Power block in Belarus to redistribute resources in 2017
Downsizing in one law enforcement agency in Belarus could be due to the need to allocate additional resources to another agency. The external environment and uncertain prospects for preserving socio-political stability in the country require capacity building to counter potential threats to national security.
The financial and economic crisis in Belarus has limited the authorities’ capacities to mobilise additional resources to respond to the new security challenges. Without additional resources, the Belarusian authorities may start redistributing available funds within the power block.
On January 24th, 2017, at the debriefing with Interior Minister Igor Shunevich, Lukashenka talked about the prospects of downsizing the Interior Ministry. He also said that the saved resources would remain in the Ministry. The day before, Interior Troops Commander, Major-General Yuri Garayev noted that staff reductions would affect managers who were not directly engaged in the law enforcement activity.
In 2016, mass layoffs were carried out in the Ministry of Emergency Situations. According to unofficial reports, the Ministry’s personnel was downsized by 10%, while the Ministry’s budget was cut by 12%. The Interior Ministry is very unlikely to retain funds freed up due to layoffs.
The unfavourable internal and external environment does not allow asserting unequivocally that the above measures are aimed at cost savings in times of a crisis. Amid budget deficit, Minsk is facing new challenges, which require an adequate response. For instance, Russia could introduce full border control at the Belarusian-Russian border, which would require reciprocal steps from the Belarusian authorities.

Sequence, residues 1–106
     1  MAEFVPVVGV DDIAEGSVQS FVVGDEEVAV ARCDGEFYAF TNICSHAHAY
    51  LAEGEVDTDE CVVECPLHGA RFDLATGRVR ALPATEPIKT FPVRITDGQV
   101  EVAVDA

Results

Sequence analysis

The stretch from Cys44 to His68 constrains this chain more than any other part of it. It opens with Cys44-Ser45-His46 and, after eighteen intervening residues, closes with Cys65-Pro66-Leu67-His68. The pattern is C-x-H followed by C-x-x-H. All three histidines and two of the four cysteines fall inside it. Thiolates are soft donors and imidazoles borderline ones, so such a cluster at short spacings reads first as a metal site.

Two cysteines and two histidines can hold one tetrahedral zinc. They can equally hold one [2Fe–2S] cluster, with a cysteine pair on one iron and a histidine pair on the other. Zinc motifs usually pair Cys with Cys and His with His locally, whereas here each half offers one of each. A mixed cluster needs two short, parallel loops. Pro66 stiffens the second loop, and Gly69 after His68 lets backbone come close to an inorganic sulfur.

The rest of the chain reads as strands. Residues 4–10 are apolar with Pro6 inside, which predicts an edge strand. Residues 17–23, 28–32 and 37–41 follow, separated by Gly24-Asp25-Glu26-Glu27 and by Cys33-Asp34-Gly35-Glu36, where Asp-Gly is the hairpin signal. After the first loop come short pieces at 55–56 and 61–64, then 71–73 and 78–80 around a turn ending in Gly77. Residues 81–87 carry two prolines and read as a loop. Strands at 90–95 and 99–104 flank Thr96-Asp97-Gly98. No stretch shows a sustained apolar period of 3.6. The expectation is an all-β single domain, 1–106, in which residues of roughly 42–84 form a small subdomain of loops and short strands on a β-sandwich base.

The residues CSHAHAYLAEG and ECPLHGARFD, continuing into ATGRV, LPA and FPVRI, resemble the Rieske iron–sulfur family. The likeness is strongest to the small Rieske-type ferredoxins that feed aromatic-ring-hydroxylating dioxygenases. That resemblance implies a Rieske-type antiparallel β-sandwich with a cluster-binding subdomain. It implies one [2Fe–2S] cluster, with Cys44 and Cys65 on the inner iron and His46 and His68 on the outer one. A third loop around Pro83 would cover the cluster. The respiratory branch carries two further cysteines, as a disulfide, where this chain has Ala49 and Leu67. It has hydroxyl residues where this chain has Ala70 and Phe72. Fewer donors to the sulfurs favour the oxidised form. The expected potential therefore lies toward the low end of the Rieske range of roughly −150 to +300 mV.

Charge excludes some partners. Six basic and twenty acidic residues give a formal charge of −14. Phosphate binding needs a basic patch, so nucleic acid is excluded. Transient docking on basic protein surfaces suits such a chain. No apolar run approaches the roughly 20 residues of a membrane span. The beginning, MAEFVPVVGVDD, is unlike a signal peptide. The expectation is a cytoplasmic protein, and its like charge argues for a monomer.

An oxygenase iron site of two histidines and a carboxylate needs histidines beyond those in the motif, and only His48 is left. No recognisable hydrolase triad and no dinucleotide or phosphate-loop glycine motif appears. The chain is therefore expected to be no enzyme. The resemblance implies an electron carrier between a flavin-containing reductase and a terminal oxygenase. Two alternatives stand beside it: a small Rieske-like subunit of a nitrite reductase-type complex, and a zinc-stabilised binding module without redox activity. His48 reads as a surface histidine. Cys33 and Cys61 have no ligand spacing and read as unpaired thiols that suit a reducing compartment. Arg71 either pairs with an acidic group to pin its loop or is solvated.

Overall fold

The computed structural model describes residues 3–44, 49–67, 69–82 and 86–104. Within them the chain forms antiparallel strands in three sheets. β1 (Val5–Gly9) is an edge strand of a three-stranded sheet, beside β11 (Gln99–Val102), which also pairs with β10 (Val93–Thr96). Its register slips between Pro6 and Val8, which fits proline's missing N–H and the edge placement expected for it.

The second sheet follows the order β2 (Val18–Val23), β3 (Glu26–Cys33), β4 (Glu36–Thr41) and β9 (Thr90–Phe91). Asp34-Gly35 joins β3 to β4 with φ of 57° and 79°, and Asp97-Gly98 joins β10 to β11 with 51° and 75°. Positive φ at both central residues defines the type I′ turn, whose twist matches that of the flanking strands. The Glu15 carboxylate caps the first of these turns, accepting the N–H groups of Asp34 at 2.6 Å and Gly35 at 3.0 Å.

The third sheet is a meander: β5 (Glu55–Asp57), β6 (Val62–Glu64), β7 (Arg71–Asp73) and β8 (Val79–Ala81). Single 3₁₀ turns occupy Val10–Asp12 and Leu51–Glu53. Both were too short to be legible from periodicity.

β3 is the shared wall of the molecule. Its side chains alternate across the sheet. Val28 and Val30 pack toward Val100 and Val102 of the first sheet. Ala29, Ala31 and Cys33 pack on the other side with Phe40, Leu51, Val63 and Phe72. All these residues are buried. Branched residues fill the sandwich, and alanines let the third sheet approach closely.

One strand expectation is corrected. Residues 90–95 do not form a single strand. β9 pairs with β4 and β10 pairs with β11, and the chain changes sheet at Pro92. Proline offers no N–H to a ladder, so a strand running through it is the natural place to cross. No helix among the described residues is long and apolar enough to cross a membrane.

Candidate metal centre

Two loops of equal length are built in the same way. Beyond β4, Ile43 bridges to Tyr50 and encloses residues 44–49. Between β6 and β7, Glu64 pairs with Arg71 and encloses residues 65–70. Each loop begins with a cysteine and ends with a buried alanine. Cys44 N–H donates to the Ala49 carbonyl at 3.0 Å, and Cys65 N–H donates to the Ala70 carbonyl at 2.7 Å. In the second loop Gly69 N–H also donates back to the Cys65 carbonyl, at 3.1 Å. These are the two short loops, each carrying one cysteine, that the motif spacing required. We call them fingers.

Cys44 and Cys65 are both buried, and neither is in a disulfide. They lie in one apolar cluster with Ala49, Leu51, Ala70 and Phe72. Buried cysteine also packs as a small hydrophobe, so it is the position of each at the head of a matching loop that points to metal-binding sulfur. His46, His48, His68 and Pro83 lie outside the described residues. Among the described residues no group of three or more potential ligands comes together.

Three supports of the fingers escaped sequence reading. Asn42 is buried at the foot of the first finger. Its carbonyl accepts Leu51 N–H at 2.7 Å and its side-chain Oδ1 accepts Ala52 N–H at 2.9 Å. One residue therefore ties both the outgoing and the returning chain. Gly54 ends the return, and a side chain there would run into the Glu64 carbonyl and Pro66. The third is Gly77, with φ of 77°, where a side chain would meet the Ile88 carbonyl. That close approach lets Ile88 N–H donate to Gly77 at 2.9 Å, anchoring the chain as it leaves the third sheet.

Layoffs in the Interior Ministry could become a part of the overall redistribution of funds within the national defence and security sector in 2017. The most likely beneficiaries include the Defence Ministry, the Interior Ministry Troops and the State Border Committee - in order to increase the combat potential of the Belarusian army, to build capacity for armed riot control in urban areas, and enforce (if necessary) border controls at the border with Russia.
The Belarusian authorities regard the Catholic conference as yet another international event to promote Minsk as a global negotiating platform. Minsk’s proposal to organise a meeting between the Roman-Catholic Church and the Russian Orthodox Church is rather an image-making undertaking than a serious intention. However, the authorities could somewhat extend the opportunities for the Roman-Catholic Church in Belarus due to developing contacts with the Catholic world.
Minsk is attempting to lay out a mosaic from various international religious, political and sportive events to shape a positive image of Belarus for promoting the Helsinki 2.0 idea.
Belarus’ invitation to the head of the Holy See for a meeting with the Patriarch of the Russian Orthodox Church should be regarded as a continuation of her foreign policy efforts in shaping Minsk’s peacekeeping image and enhancing Belarus’ international weight. The Belarusian authorities are aware that their initiative is unlikely to find supporters among the leadership of the Russian Orthodox Church in Moscow. In Russia, isolationist sentiments prevail.
In addition, for domestic audiences, the authorities make up for the lack of tangible economic growth with demonstrations of growth in Minsk’s authority at international level through providing a platform for religious, sportive and other dialogues.